How to Sleep Better with Back Pain
If you have back pain, getting a good night’s sleep can be a challenge. All that tossing and turning isn’t just rough on your spine—it can leave you feeling groggy and unfocused the following day.
“Sleep is essential to pain management,” says Terry Cralle, RN, clinical sleep educator, Saatva sleep consultant, and author of Sleeping Your Way to the Top: How to Get the Sleep You Need. “It’s necessary for joint repair and cellular repair during the night.”
We’ve discussed previously how to determine if your mattress is playing a role in your back pain and what to consider when you’re shopping for a new one. If you don’t know how to sleep with back pain, it can make getting a good night’s sleep pretty difficult. Experts say even if you have the best mattress for back pain, there are other tips and tricks that can make for a more restful slumber.
Here’s how to sleep with back pain.
Pay attention to sleep position
While you might remember being told as a kid to stand up straighter, spine experts say good posture is just as important when you’re lying down. “It will help prevent stress points that may aggravate joints and the connective tissue that holds you together,” says Robert Hayden, a chiropractor in greater Atlanta and spokesman for the American Chiropractic Association.
Ideally, says Hayden, you should sleep on your side, holding a body pillow. By using the pillow to support your upper arm and upper knee, you’ll keep your spine straight while you sleep and help reduce back pain.
If you’re a stomach sleeper, you might want to see if you can train yourself to fall asleep in another position. “Typically, sleeping on your stomach can flatten the natural curve of your spine, putting some additional strain on your back muscles,” Santhosh Thomas, medical director of the Center for Spine Health at the Cleveland Clinic, tells EverydayHealth.com.
Regardless, pillows can help reduce back pain while sleeping and make up for spinal issues caused by your natural sleep posture. If you sleep on your stomach, you might benefit by placing a relatively flat pillow under your belly and hip area to elevate your pelvis slightly. Back sleepers might be more comfortable with a small pillow underneath the knees, which will help support the lower back and minimize lower back pain while sleeping.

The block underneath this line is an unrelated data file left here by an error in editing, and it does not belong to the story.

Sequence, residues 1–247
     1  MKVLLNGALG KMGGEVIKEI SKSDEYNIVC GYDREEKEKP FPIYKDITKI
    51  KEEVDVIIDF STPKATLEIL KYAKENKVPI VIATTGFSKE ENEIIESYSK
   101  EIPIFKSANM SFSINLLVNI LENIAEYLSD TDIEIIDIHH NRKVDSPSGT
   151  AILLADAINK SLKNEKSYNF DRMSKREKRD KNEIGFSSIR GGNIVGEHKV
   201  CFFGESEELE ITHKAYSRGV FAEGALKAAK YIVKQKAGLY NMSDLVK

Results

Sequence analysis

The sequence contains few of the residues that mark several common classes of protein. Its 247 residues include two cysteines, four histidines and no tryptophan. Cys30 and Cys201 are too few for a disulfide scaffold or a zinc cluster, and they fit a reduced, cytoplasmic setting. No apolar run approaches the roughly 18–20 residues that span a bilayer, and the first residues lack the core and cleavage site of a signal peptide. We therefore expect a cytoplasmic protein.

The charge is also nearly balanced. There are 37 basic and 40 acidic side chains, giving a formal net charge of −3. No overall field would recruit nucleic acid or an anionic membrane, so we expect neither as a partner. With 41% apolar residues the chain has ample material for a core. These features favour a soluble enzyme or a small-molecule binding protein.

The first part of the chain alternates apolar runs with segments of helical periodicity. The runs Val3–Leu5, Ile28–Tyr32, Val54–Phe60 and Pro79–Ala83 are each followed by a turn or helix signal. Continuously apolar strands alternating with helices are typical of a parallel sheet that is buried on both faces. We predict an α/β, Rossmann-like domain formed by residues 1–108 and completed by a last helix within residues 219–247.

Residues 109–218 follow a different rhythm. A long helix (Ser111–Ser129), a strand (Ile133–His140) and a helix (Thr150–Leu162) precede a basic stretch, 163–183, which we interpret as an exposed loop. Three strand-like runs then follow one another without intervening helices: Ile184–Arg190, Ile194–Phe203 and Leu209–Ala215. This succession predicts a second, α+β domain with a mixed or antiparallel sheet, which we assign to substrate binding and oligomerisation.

Finally, the pillow under your head also plays a key role in supporting your cervical spine, says David Coppola, a chiropractor and holistic doctor in Key Largo, Fla. “A pillow should be manually malleable to support the curvature of your neck,” he says. “It should be folded in half or scrunched when sleeping on your side to account for the distance between your shoulder and spine, thereby maintaining straight spinal integrity.”
Take steps to let go of tension
Unfortunately, the stresses of your day don’t always melt away when you shut your eyes. So take some steps before bed to help you unwind the tension that can contribute to a sore back and shoulders.
“A good night’s sleep involves preparation,” says Coppola. “Have a routine to send messages to your brain and body that it’s time for bed.”
First, shut off the TV—or banish it from the bedroom entirely. Block unwanted sounds with a white noise machine or soft ambient music, and use blackout drapes or a sleep mask if you have a streetlight out the window (or a partner who likes to wind down by reading in bed).
Next, put away your cell phone. Not only does this avoid the blue light that can disrupt your natural circadian rhythm, but it will get your mind off work, the news, and other stressors that can keep you from sleep.
Finally, quiet your mind. “Meditation, breathing exercises, and visual imagery can help you let go of daily rigors,” says Coppola. Once you create a good bedtime routine, you’ll know how to send your body the signal that it’s time to hit the hay. If you need some suggestions, check out these 10 nighttime activities to help you relax.